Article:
"I think in exposing the illegal, sometimes barbaric and ineffective policy evoked by the Government, then probably I was a bit of a nuisance, but I never prevented DEFRA personnel carrying out their duties," said Green.

COURT TOLD OF DEFRA'S CULTURE OF "BULLYING BEHAVIOUR"

15 Dec 2001 The Cumberland and Westmorland Herald

A man who gathered evidence about the controversial cull of animals during the foot and mouth crisis, which he hoped to present to a public inquiry, came up against a culture of "bullying behaviour" among DEFRA officials, a court heard.

Nicholas Leslie Green, (49), Gatesgarth, Somerwood Close, Long Marton, denied driving without reasonable consideration at Rosgill, Shap, when he appeared before Eden magistrates, sitting at Penrith, on Wednesday.

It was alleged that he drove a car at DEFRA field officer Linda Brown while she was standing at the side of the road, causing her to jump out of the way. He was found guilty and was fined £250, plus £263 costs.

Mr David Dunk, prosecuting, said DEFRA officials were at Rosgill Hall on 20 July while animals at the premises were slaughtered as part of the measures to control the spread of FMD.

In the evening, Green, who was driving a Skoda, arrived at a farm in a "dangerous" manner. Mrs Elizabeth Jesting, a DEFRA field officer at the scene, said Green drove too quickly and too close to Mrs Brown, who had overall charge of the site.

Green, who was held up by a flat back wagon which was disinfecting the road, then spoke to David Sampson, a DEFRA field officer who was at gate duty at the farm. He apologised to Green for the delay, and during the conversation Green expressed views about the Prime Minister and the way the FMD outbreak had been handled.

The court heard that DEFRA staff had been given a memorandum to "avoid Green at all costs". They were given instructions not to get involved in a conversation with him and move him on if that was appropriate.

Mrs Brown, who has been with the Ministry for 32 years, said that Green was asked to leave the area and go home, but he started laughing and said he had got all the information he needed. He reversed the car back up the hill and then drove it straight towards her at 20 mph.

"I was frightened, I thought he was going to hit me. I jumped to the side onto the grass verge. He actually physically turned his wheel and drove at me, " said Mrs Brown.

"He has certainly been a bit of a nuisance during the months of foot and mouth. DEFRA staff and field officers were doing a job that none of us like. He appears on sites and hassles field officers."

Mr Geyve Walker, defending, said in croos-examination: "There is a culture of dishonesty and threatening behaviour in the Ministry."

He said that Mrs Brown's conduct on the road side was calculated to threaten Mr Green.

Mrs Brown denied there was a culture of dishonesty and bullying in DEFRA. "I am telling the truth, I am not in the habit of lying, " she said.

Green, who served for 24 years in the armed forces and is currently a freelance outdoor instructor, said in evidence that he had taken an interest in the actions of DEFRA and the "flawed" cull policy which, he said, was ineffective and illegal.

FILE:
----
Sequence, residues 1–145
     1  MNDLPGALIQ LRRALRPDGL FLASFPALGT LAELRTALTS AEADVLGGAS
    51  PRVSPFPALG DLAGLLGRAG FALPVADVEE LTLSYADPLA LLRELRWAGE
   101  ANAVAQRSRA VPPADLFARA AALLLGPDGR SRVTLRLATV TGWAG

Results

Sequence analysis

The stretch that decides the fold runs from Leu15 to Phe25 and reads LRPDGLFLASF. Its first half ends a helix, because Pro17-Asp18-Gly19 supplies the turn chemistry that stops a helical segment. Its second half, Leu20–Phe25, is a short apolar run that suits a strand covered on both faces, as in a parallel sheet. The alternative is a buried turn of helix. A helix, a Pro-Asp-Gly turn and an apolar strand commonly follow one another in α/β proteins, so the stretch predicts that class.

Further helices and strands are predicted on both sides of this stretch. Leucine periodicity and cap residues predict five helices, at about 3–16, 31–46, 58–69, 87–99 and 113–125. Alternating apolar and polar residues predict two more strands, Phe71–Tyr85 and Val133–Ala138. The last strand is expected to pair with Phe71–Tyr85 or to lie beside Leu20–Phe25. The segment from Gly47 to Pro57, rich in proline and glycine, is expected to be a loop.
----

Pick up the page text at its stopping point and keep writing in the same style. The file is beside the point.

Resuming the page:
TOOK PHOTOGRAPHS

He took photographs and made notes, but he never got in anybody's way while gathering information for what he hoped would be a public inquiry into the crisis.

"I think in exposing the illegal, sometimes barbaric and ineffective policy evoked by the Government, then probably I was a bit of a nuisance, but I never prevented DEFRA personnel carrying out their duties," said Green.

On the night in question he was going to see his friend, Tom Lowther. He did not see any road closed signs. Mrs Brown was not polite and was threatening to have him removed. He denied pointing his vehicle at her and driving at her, saying he did not go above 15 mph.

"As far as I am concerned I did not point at anyone, but I did pull in at one point. I was not driving excessively," said Green.

He said that DEFRA officials were using bullying tactics that they had used before on him. In the past officials had threatened him with a pickaxe, threatened to break his camera and throw disinfectant over him.

"POLICY OF HARASSMENT"

Viscount Hugh Lowther, Towcett House, Towcett, Newby, gave evidence that on one occasion DEFRA officials had tried to drag him out of his car, which was parked on the side of a public road, when he was videoing cattle running around being pursued by a vehicle and men with a shotgun.

Defending solicitor Mr Walker said: "My client is the victim of a policy of harassment and threats by DEFRA staff. There is a concerted policy of harassing private individuals by DEFRA field officers."

"There is an attitude of dishonesty that goes high up and a culture in that department that we all ought to be having serious concerns about."

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Elaine's notes to above:

Witness's correct name is Elizabeth Jestin. The contiguous contact farm involved was Rosgill Head Farm and not Rosgill Hall, which is further along in the hamlet and was an IP some while before. There was some confusion about the name of the farm throughout the appeal hearing too but it was irrelevant to the proceedings. Viscount Lowther's evidence was considered inadmissable at the appeal hearing and not allowed to be given in court.